From the ages of about zero to three children’s bodies and brains grow quickly. This is the best time to receive intensive therapy as the brain is ready to learn and will remember good movement patterns that are practised.
Growing pain for children with CP
It’s normal for bones to grow faster than muscles during growth spurts. This is where growing pains come from. In children who don’t have CP, their muscles will eventually catch up in length. Spasticity (tightness) makes this much harder for kids who do have CP, and those muscles are stiffer, difficult to control and harder to move through a usual range of movement. During a growth spurt, it’s common for the muscle to become even tighter. For example, it may become more pronounced that a child is walking on their toes as the Achilles tendon becomes increasingly tight.
The importance of staying active
Contracture means shortening of the muscle. A child is at risk of developing a contracture if a muscle is so stiff it can’t stretch. Contractures can be very painful and eventually can cause deformities.
It is so important to keep muscles as flexible as possible. Staying active and regularly practising exercises provided by your physiotherapist are great ways to keep muscles moving. If you are worried that any muscle group is getting stiffer as a result of a growth spurt, don’t delay in raising it with your physiotherapist.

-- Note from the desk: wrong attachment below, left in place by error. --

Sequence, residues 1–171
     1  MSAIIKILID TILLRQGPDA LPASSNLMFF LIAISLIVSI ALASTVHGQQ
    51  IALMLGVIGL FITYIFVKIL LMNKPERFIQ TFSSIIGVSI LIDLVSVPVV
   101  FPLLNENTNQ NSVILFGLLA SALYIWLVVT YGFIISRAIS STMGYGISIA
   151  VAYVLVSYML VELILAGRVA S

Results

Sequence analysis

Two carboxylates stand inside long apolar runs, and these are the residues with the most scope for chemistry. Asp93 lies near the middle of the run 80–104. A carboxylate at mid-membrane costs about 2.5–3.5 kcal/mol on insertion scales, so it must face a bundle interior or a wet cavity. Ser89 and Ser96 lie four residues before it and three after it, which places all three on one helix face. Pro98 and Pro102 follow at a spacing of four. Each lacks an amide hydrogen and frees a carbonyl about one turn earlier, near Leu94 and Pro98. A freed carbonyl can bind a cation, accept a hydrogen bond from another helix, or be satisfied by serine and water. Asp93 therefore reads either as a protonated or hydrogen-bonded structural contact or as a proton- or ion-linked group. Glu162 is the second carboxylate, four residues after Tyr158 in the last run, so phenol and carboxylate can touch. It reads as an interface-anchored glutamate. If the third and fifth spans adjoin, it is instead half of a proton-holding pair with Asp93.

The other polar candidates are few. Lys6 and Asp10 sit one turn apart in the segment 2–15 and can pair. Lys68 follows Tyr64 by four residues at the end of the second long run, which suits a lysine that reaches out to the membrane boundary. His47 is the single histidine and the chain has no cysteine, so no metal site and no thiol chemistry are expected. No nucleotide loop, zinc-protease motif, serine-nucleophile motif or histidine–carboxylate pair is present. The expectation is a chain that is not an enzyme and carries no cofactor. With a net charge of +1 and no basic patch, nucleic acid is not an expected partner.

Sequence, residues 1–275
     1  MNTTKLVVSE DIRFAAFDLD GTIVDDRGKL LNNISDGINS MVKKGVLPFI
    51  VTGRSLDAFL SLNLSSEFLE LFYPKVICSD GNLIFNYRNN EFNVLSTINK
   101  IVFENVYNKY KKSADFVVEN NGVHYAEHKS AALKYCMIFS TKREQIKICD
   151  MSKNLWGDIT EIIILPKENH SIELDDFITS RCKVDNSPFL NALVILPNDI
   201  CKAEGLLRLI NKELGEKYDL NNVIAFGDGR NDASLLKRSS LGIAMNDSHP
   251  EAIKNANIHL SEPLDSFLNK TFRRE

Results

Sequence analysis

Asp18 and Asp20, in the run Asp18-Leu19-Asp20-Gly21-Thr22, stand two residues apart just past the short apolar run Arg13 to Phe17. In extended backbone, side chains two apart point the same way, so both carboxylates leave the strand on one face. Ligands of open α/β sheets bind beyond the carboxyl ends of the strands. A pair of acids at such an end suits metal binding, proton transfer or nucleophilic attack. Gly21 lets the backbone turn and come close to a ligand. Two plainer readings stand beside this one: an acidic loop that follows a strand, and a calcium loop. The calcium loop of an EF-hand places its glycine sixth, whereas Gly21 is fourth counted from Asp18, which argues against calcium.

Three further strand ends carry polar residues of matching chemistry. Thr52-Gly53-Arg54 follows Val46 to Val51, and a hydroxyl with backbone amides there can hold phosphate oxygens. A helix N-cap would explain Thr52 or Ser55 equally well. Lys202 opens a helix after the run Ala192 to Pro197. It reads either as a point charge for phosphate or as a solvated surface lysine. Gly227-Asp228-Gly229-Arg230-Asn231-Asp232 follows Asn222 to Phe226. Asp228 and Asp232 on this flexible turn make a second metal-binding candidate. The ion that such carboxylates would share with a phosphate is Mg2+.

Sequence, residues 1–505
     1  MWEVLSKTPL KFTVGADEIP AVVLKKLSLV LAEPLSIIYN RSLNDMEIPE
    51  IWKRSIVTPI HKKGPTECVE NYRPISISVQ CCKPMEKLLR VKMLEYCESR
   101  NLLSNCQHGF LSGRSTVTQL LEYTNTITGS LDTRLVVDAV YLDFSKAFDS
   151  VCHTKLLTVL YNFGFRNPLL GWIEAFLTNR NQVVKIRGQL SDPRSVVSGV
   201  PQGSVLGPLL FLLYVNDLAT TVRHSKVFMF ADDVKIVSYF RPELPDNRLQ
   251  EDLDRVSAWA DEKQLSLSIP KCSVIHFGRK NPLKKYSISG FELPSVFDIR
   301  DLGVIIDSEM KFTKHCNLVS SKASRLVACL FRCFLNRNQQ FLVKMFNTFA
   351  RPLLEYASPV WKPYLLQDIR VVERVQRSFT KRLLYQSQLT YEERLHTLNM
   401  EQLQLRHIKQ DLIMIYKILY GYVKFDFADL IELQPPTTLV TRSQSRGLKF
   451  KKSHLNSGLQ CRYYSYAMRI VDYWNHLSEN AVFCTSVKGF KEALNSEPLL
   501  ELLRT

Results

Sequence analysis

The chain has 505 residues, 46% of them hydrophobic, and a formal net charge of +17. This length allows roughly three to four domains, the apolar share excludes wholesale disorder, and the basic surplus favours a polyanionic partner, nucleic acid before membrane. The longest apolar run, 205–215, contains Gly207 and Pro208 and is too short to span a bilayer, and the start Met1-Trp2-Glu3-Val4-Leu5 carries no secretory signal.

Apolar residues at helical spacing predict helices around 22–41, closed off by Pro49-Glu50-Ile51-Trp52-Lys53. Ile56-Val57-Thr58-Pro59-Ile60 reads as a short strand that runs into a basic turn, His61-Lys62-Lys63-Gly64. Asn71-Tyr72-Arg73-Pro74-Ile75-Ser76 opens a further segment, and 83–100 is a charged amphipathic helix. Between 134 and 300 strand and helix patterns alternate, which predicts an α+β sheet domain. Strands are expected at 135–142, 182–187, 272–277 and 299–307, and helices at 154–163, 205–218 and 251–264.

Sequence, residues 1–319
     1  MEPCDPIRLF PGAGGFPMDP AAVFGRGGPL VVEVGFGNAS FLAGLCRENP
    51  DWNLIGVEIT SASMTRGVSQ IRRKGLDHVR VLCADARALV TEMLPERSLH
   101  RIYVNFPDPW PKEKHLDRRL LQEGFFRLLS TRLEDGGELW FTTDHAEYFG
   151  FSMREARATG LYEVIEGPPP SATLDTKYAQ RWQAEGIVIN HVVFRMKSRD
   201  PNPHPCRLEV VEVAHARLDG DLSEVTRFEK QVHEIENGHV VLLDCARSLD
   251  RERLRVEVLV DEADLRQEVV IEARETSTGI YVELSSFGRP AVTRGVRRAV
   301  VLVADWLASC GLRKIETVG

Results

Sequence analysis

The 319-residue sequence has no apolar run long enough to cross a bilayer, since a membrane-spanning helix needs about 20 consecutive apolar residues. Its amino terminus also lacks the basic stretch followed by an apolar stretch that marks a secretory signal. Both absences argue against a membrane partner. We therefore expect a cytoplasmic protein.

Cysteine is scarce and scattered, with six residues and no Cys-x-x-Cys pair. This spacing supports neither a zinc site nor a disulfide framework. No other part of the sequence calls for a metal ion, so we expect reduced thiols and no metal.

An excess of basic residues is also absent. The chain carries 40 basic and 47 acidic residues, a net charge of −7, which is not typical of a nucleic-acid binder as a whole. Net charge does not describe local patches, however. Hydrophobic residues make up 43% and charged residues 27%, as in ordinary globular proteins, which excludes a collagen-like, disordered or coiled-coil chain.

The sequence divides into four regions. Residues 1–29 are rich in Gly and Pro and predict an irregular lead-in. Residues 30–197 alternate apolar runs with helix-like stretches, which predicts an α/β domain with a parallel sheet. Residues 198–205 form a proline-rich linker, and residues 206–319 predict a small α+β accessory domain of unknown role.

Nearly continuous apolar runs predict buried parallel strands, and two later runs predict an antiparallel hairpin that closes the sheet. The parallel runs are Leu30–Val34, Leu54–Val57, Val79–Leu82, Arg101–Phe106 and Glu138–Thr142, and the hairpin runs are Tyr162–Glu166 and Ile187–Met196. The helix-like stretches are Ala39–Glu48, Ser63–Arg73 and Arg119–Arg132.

As children grow and become heavier the muscles have to work harder. Standing and walking may become more effortful for a child. As they grow up they may need different types of mobility aid. For example, to negotiate the long corridors and walks between classes at secondary school, it might be beneficial for a child to use their wheelchair and save walking for classroom-based activities.
As young people hit the teenage years it’s natural for them to want more independence and privacy. A person with cerebral palsy is no different from anyone else when it comes to wanting to make decisions and living more independently, including going to college or university, getting a job, or moving out of home (either completely independently or with appropriate help and support).
Helping a child develop from dependence to independence is a long process, starting in the early years. For a child with CP, various therapies will aim to maximize abilities in communication, mobility and function inside and outside the home.